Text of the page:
19:14 UTC


Vintage Lumbar pack..no bottle holders?! How to add them on?

I bought an older Mountainsmith Tour pack, but lo and behold somehow it came with the bottle holders either not attached to the Velcro and these clips or this model somehow never had them. Any ideas on where to find an old modular pouch, or how to attach new ones?

19:07 UTC


REI Trail Hut 2 VS NEMO Aurora 2

I picked up both of these tent on sale and am having trouble deciding between the two. The Nemo was about $100 more than the Trail Hut.


I plan on using it for car camping, and the occasional bike tour. Weight is not a factor in this (I'm more concerned with durability).

Do you have experience with either? The Trail Hut feels more rugged, but that said, the new REI warranty is only for 1 year. Is the Nemo tent & lifetime warranty worth the $100 price difference?

17:49 UTC


Sleeping Pad Around Dogs

My wife and I have been car camping with a quite uncomfortable Coleman air mattress inside our tent and our two dogs sleep in the tent with us.

We have a two week trip coming up where we are flying to Montana and tent camping the entire time with a rental car, so we are looking to buy some good quality sleeping pads.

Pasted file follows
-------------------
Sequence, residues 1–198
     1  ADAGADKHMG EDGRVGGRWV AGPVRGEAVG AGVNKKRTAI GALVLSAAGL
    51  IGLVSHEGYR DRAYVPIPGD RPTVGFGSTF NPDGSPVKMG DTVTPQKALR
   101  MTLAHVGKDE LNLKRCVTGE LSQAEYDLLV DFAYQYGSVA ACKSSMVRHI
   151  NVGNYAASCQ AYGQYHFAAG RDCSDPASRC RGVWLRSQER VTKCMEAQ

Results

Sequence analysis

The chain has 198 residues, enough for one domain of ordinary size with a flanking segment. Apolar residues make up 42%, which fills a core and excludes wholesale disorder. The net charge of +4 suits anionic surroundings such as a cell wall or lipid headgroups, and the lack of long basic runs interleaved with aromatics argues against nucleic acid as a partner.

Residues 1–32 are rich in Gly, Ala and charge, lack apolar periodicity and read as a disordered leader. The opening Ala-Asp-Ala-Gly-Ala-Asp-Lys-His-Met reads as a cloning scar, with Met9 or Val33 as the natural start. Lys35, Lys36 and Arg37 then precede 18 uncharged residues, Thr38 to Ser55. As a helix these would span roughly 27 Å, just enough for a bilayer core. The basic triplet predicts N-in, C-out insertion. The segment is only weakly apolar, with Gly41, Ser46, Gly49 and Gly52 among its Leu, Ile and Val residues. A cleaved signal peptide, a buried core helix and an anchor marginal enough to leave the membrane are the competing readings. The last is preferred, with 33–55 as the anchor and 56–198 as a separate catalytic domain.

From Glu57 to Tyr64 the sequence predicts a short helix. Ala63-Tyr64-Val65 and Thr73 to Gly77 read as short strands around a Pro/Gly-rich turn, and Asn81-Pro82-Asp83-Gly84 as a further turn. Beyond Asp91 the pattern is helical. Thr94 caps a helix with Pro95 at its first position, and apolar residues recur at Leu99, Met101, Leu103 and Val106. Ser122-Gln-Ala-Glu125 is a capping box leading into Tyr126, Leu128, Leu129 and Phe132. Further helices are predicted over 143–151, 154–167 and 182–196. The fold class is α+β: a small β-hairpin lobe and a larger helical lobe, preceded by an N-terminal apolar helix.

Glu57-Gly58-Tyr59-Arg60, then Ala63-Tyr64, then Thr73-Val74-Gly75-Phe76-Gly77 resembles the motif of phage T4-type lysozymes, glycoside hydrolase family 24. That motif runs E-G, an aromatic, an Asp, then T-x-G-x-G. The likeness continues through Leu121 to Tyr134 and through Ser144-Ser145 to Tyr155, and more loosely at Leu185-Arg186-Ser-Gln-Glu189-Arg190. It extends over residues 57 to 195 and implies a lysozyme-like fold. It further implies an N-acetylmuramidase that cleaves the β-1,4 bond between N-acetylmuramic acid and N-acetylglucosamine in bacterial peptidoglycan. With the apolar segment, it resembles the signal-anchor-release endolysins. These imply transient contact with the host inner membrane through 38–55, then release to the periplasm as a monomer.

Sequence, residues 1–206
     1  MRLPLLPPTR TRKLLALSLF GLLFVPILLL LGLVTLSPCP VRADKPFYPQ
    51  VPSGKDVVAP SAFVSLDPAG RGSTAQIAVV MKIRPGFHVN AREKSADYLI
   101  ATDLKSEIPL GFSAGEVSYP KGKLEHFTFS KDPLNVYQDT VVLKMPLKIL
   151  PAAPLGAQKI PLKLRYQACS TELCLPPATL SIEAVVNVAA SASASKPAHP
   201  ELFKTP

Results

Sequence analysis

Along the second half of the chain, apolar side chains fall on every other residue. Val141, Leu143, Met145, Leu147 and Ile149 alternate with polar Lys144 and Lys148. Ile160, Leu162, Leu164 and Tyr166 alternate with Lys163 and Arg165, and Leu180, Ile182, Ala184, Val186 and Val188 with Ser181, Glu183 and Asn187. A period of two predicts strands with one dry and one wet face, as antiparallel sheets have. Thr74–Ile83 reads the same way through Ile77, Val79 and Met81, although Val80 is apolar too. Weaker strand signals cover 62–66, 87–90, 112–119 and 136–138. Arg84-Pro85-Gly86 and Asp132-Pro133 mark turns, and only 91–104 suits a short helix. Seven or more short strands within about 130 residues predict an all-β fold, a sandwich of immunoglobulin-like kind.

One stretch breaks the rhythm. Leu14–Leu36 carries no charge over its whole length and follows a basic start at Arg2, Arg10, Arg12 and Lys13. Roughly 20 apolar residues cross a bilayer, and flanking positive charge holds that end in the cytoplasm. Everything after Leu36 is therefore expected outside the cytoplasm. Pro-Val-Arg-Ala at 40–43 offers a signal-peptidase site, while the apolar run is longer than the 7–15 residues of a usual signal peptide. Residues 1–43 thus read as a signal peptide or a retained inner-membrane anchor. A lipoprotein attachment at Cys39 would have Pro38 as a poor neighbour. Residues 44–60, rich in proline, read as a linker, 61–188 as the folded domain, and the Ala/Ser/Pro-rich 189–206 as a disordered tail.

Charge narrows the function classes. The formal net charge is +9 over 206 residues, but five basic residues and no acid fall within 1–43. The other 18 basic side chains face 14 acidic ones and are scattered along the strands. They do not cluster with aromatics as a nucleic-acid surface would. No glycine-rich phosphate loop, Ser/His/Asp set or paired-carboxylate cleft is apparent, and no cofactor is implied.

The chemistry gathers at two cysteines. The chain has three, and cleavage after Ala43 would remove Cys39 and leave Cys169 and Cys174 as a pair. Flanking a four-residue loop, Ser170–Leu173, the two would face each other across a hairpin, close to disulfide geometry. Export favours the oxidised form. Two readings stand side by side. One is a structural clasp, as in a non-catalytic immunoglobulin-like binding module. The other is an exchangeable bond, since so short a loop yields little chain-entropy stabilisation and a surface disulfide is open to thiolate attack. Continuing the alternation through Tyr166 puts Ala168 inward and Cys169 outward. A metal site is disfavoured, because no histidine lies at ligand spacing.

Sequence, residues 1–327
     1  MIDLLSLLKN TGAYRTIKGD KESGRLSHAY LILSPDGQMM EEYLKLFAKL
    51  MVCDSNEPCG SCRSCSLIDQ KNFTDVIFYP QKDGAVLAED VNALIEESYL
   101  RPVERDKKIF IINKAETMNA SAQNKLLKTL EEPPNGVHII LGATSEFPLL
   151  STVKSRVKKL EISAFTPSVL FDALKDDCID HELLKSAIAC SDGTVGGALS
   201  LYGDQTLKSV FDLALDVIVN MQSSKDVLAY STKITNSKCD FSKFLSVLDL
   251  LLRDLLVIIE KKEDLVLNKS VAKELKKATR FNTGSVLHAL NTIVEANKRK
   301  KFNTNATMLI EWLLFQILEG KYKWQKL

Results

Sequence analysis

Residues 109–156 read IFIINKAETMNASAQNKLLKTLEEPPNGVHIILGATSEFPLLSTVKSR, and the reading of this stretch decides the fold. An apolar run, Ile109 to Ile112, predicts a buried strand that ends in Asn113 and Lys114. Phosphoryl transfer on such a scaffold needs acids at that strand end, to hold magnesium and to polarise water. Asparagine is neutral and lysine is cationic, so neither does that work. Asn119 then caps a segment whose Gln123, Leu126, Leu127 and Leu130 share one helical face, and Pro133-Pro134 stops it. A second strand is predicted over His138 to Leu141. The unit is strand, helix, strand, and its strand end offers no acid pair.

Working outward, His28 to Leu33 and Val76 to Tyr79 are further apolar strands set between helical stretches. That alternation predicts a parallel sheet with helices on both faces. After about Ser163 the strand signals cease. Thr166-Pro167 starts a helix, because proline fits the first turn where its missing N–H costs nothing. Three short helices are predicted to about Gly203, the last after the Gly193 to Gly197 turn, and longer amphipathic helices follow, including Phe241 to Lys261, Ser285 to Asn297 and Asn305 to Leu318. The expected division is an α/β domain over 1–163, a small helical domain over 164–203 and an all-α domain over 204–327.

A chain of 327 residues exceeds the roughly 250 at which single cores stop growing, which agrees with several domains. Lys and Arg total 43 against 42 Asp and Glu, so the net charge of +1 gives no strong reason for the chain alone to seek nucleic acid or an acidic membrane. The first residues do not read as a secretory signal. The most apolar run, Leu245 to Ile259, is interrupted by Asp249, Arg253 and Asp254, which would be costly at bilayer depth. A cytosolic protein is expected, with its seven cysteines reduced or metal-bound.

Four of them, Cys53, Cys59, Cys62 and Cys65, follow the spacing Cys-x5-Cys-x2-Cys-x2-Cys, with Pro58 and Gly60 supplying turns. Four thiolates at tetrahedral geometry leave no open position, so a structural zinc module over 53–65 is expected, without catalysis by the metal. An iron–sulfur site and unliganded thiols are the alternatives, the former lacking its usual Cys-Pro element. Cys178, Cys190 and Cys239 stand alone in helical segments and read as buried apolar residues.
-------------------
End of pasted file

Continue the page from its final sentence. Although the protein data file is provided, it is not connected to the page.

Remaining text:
The pads need to be light enough we can fit them in our suitcases or backpacks on the plane, but I don’t necessarily need ultralight since we front country camp. I’d like to buy something that we can continue to use on our local camping trips once we return, and my dogs will be near them so I’m concerned any inflatable pads will get punctured.

Any thoughts on what product will be best to sleep in if you camp with your dogs?

17:14 UTC


Best choice between sleeping bags

This summer (late August-early September) I’m going to do the entirety of Kungsleden (Sweden) with a friend. I have to buy a sleeping bag for temperatures between 5 and -2 celsius and I’m a bit unsure if it is better to buy the colder (comfort temperature between 3 and -2) or the warmer (comfort temperature between 0 and -6)